In our morning research meeting today we discussed bull markets and how long they typically run for. A book that discusses this topic in-depth is Unexpected Returns by Ed Easterling. In this week’s video, Tom shares a brief history lesson on bull and bear markets.
In reading Easterling’s Unexpected Returns, we’ve gathered that bull markets tend to take off. Bear markets, on the other hand, tend to be volatile but finish off their cycles almost exactly where they started them. Looking at the Dow Jones Industrial Average since 1964 can show us a couple examples of this.
From 1964 through 1981, the Dow fluctuated above and below 900. Ultimately, it began 1964 at about 900 and finished out 1981 around 900. That bear market cycle lasted 17 years, and the market was essentially flat.
In 1982 a bull market phase began with the Dow at 800. The end of that bull market run was in 1999 with the Dow at 10,000. Another 17 year cycle, but this time to the upside.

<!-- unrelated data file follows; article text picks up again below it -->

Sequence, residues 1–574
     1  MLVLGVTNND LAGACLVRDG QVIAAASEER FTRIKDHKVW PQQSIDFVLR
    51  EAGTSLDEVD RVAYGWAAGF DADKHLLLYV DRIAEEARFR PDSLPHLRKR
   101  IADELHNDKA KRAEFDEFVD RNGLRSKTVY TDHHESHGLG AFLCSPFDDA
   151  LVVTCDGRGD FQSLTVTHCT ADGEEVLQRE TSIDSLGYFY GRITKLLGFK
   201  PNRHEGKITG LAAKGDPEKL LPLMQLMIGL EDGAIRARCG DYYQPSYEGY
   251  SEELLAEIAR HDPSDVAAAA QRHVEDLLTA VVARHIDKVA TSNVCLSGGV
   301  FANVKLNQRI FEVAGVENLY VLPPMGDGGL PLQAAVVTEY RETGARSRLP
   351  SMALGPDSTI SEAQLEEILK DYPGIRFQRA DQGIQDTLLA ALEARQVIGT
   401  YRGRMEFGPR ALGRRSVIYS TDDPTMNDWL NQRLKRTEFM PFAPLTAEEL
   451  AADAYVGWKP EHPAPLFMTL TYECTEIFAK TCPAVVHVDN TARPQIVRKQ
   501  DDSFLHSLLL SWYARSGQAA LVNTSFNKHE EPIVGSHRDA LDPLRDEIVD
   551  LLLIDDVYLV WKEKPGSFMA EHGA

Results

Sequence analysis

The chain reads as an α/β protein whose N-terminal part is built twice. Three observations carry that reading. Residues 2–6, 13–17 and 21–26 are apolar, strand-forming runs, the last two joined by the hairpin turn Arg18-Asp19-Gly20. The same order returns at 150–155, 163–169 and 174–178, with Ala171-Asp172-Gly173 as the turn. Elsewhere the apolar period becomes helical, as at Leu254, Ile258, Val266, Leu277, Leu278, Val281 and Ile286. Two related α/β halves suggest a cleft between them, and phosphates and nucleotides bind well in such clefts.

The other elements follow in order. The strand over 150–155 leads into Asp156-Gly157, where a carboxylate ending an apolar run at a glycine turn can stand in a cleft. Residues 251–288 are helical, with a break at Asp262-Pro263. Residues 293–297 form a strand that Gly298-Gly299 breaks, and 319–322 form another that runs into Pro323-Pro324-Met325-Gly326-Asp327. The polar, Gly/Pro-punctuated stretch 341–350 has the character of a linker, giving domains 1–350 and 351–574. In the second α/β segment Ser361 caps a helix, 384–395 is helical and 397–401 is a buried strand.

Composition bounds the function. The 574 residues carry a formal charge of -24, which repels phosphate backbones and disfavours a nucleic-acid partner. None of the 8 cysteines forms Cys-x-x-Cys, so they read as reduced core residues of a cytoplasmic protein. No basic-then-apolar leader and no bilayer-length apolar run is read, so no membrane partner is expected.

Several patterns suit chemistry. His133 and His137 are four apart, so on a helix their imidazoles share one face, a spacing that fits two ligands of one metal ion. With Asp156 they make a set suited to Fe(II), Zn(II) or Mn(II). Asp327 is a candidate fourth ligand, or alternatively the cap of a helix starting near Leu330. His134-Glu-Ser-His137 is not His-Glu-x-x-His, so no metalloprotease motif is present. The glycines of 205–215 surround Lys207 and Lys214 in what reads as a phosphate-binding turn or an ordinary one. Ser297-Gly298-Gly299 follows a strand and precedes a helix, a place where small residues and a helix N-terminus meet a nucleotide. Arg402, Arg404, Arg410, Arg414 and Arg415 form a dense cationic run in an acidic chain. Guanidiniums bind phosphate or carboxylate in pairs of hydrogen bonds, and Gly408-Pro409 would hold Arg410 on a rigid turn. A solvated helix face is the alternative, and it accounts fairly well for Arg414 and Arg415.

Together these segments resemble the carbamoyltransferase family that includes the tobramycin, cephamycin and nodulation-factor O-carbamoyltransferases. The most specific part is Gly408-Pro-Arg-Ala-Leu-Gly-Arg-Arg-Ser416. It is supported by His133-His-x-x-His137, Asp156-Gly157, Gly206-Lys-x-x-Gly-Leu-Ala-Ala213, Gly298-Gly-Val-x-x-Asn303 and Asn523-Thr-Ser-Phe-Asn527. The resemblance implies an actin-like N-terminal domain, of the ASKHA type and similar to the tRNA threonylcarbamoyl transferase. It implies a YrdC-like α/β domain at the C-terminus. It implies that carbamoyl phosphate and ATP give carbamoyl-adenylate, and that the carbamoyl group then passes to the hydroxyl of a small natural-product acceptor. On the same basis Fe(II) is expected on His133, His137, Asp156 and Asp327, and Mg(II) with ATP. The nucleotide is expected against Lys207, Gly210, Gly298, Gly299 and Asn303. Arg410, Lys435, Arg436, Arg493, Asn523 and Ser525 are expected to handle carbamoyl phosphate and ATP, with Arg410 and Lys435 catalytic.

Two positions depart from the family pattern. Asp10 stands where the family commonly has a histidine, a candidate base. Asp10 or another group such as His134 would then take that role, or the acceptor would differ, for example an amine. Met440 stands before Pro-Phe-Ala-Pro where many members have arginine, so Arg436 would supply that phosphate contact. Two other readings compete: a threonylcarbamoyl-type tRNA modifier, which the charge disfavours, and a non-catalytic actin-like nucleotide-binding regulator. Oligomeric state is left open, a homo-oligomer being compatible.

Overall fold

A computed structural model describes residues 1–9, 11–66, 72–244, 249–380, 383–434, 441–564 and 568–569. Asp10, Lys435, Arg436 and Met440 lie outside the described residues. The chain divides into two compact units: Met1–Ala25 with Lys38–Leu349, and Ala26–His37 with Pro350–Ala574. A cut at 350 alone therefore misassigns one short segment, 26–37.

From 1999 until 2011, we experienced another bear market cycle. The Dow was at 10,000 in 1999 and finished 2011 looking quite similar. That phase lasted 13 years.
Since 2011 we have entered another bull market phase. The Dow has risen from 10,000 in 2011 to around 17,000 now in September of 2014.
How long will the current bull market cycle last? Nobody can answer that with certainty. What we do know is that history can provide us with some insight on this subject. As you may have heard before, history doesn’t repeat itself but it often rhymes.
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